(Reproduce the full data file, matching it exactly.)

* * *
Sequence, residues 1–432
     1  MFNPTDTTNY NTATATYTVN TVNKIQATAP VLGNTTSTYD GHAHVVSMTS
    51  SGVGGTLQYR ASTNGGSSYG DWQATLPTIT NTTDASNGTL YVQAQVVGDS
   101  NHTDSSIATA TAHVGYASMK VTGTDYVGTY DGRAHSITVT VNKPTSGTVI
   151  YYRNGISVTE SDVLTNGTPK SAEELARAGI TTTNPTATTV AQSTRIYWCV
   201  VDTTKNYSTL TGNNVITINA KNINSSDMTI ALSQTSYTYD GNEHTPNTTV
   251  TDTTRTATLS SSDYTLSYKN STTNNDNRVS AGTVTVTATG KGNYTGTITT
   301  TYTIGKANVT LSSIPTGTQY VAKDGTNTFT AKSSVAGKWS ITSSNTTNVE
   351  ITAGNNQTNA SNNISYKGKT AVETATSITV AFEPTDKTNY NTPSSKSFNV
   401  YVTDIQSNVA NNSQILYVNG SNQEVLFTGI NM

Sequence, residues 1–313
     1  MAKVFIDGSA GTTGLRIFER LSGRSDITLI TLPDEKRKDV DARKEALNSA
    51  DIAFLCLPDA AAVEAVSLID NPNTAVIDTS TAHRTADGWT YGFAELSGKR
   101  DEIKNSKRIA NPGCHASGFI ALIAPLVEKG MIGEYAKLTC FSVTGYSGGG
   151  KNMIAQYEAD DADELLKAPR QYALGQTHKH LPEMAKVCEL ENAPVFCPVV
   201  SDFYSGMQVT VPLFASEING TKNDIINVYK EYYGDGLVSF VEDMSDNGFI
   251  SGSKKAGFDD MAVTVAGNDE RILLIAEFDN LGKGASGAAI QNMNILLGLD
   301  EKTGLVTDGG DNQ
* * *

Sequence, residues 1–432
     1  MFNPTDTTNY NTATATYTVN TVNKIQATAP VLGNTTSTYD GHAHVVSMTS
    51  SGVGGTLQYR ASTNGGSSYG DWQATLPTIT NTTDASNGTL YVQAQVVGDS
   101  NHTDSSIATA TAHVGYASMK VTGTDYVGTY DGRAHSITVT VNKPTSGTVI
   151  YYRNGISVTE SDVLTNGTPK SAEELARAGI TTTNPTATTV AQSTRIYWCV
   201  VDTTKNYSTL TGNNVITINA KNINSSDMTI ALSQTSYTYD GNEHTPNTTV
   251  TDTTRTATLS SSDYTLSYKN STTNNDNRVS AGTVTVTATG KGNYTGTITT
   301  TYTIGKANVT LSSIPTGTQY VAKDGTNTFT AKSSVAGKWS ITSSNTTNVE
   351  ITAGNNQTNA SNNISYKGKT AVETATSITV AFEPTDKTNY NTPSSKSFNV
   401  YVTDIQSNVA NNSQILYVNG SNQEVLFTGI NM

Sequence, residues 1–313
     1  MAKVFIDGSA GTTGLRIFER LSGRSDITLI TLPDEKRKDV DARKEALNSA
    51  DIAFLCLPDA AAVEAVSLID NPNTAVIDTS TAHRTADGWT YGFAELSGKR
   101  DEIKNSKRIA NPGCHASGFI ALIAPLVEKG MIGEYAKLTC FSVTGYSGGG
   151  KNMIAQYEAD DADELLKAPR QYALGQTHKH LPEMAKVCEL ENAPVFCPVV
   201  SDFYSGMQVT VPLFASEING TKNDIINVYK EYYGDGLVSF VEDMSDNGFI
   251  SGSKKAGFDD MAVTVAGNDE RILLIAEFDN LGKGASGAAI QNMNILLGLD
   301  EKTGLVTDGG DNQ